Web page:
Article
Objectives: To determine whether changes in cardiac output, regional blood flow, and intracranial pressure during permissive hypercapnia are blood pH-dependent and can be attenuated by correction of intravascular acidemia. Design: Prospective, controlled study. Setting: Research laboratory. Subjects: Female Marino ewes. Interventions: Animals were instrumented with a pulmonary artery catheter, femoral arterial and venous catheters, a catheter in the third cerebral ventricle, and ultrasonic flow probes on the left carotid, superior mesenteric, and left renal arteries 1 wk before experimentation. At initiation of the protocol, ewes underwent endotracheal intubation and mechanical ventilation under general anesthesia. Minute ventilation was reduced to induce hypercapnia with a target PaCO2 of 80 torr (10.7 kPa). In the pH-uncorrected group (n equals 6), arterial blood pH was allowed to decreased without treatment. In the pH-corrected group (n equals 5), 14.4 mEq/kg of sodium bicarbonate was given intravenously as a bolus to correct arterial blood pH toward a target arterial pH of 7.40 (dose calculated by the Henderson-Hasselbalch equation). Measurements and Main Results: Arterial blood pH, PCO2, cardiac output, intracranial pressure, and carotid, superior mesenteric, and renal artery blood flow rates were measured at normocapnic baseline and at every hour during hypercapnia for 6 hrs. In the pH-uncorrected group, arterial blood pH decreased from 7.41 plus minus 0.03 at normocapnia to 7.14 plus minus 0.01 (p less than .01 vs. normocapnia) as blood PCO2 increased to 81.2 plus minus 1.8 torr (10.8 plus minus 0.2 kPa). In the pH-corrected group, arterial blood pH was 7.42 plus minus 0.02 at normocapnia and was maintained at 7.37 plus minus 0.01 while PaCO2 was increased to 80.3 plus minus 0.9 torr (10.7 plus minus 0.1 kPa). Significant increases in cardiac output occurred with the initiation of hypercapnia for both groups (pH-uncorrected group: 4.3 plus minus 0.6 L/min at normocapnia vs. 6.8 plus minus 1.0 L/min at 1 hr [p less than .05]; pH-corrected group: 4.1 plus minus 0.4 at normocapnia vs. 5.7 plus minus 0.4 L/min at 1 hr [p less than .05]). However, this increase was sustained only in the uncorrected group. Changes in carotid and mesenteric artery blood flow rates, as a percent of baseline values, showed sustained significant increases in the pH-uncorrected groups (p less than .05) and only transient (carotid at 1 hr) or no (superior mesenteric) significant change in the pH-corrected groups. Conversely, significant increases in renal artery blood flow were seen only in the pH-uncorrected group during the last 2 hrs of the experiment (p less than .05). Organ blood flow, as a percent of cardiac output, did not change significantly in either group. Intracranial pressure increased significantly in the pH-uncorrected group (9.0 plus minus 1.5 mm Hg at normocapnia vs. 26.8 plus minus 5.1 at 1 hr, p less than .05), and remained increased, while showing no significant change in the pH-corrected group (8.5 plus minus 1.6 mm Hg at normocapnia to 7.7 plus minus 4.2 at 1 hr). Conclusions: Acute hypercapnia, induced within 1 hr, is associated with significant increases in cardiac output, organ blood flow, and intracranial pressure. These changes can be significantly attenuated by correction of blood pH with the administration of sodium bicarbonate, without adverse effects on hemodynamics. (Crit Care Med 1996; 24:827-834)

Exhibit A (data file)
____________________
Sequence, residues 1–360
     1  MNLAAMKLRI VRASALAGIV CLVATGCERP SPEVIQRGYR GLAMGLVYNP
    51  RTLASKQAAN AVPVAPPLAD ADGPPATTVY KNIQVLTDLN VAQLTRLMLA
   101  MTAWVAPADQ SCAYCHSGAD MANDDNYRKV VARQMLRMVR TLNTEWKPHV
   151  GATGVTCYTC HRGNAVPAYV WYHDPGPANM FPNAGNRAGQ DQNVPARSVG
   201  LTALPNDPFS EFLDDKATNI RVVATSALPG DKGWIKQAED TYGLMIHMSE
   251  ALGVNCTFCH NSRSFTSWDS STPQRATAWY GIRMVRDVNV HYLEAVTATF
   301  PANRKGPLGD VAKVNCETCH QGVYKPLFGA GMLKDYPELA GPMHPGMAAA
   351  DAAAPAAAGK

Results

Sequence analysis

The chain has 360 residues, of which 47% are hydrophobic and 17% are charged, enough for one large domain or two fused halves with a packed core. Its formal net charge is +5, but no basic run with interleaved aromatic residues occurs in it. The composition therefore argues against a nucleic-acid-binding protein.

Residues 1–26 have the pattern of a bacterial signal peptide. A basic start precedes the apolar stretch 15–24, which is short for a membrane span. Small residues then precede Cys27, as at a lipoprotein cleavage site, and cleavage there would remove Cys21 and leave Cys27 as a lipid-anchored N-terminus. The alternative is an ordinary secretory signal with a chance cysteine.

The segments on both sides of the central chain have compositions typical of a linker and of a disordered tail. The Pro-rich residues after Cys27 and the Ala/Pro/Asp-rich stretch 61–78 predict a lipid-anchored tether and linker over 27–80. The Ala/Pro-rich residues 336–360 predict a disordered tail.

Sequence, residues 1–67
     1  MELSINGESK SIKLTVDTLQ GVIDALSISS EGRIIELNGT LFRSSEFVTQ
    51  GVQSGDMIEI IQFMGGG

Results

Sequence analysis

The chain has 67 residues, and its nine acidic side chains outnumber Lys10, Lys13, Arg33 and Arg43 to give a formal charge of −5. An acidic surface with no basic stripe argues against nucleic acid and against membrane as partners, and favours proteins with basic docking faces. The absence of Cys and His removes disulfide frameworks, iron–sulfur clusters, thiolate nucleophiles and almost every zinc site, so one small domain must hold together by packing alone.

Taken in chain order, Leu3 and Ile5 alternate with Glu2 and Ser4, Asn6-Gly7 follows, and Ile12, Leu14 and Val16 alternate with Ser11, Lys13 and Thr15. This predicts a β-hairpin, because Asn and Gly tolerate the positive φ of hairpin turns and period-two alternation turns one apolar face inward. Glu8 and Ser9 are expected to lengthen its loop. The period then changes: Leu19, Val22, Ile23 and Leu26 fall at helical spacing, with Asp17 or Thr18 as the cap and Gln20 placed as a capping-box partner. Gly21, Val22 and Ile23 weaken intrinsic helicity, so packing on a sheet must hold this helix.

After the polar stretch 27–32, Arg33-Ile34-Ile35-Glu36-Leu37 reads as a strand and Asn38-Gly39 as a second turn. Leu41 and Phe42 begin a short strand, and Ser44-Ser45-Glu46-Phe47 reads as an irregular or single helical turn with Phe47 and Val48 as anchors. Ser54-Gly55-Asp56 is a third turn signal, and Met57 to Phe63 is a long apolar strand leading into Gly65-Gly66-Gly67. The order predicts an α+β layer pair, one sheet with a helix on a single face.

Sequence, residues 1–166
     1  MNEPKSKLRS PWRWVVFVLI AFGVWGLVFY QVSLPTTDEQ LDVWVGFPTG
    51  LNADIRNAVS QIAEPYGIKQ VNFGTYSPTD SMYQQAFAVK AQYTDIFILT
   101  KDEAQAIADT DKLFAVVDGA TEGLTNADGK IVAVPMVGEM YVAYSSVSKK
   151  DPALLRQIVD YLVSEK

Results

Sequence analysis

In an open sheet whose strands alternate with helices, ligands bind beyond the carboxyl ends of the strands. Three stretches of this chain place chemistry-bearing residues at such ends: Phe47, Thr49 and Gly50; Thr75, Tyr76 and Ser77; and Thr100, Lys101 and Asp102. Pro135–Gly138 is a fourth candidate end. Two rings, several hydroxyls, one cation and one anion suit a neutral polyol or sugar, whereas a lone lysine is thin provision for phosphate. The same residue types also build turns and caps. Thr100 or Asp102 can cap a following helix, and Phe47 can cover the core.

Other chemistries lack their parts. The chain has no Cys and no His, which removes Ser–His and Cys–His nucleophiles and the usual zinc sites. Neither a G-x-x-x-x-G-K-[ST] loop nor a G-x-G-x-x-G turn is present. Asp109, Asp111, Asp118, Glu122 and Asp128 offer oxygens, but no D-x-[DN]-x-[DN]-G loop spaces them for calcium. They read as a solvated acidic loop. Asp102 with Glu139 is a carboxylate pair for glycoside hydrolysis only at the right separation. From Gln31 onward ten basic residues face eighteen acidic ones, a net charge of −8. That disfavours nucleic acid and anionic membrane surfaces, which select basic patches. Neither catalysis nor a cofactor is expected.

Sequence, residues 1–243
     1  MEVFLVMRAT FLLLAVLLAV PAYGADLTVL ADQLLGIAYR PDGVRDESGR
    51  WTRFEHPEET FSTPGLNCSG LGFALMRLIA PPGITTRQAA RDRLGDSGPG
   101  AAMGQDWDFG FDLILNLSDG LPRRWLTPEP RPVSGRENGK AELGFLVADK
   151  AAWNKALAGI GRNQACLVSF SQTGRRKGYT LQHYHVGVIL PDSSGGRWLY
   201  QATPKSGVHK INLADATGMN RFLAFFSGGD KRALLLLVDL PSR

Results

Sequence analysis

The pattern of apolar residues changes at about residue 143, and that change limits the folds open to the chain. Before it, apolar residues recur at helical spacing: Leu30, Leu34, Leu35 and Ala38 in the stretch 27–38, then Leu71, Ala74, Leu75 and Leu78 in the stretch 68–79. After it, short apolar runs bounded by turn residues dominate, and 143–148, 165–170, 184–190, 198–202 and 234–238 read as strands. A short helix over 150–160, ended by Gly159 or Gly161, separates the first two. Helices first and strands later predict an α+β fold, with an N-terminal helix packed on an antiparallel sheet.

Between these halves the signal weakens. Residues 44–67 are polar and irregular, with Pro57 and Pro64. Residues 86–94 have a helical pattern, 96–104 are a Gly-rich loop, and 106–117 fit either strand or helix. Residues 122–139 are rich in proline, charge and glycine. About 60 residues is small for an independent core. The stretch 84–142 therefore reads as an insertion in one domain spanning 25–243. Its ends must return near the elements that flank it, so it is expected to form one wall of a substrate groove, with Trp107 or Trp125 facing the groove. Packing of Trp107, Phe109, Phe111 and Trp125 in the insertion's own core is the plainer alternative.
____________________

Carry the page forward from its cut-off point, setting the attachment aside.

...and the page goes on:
Article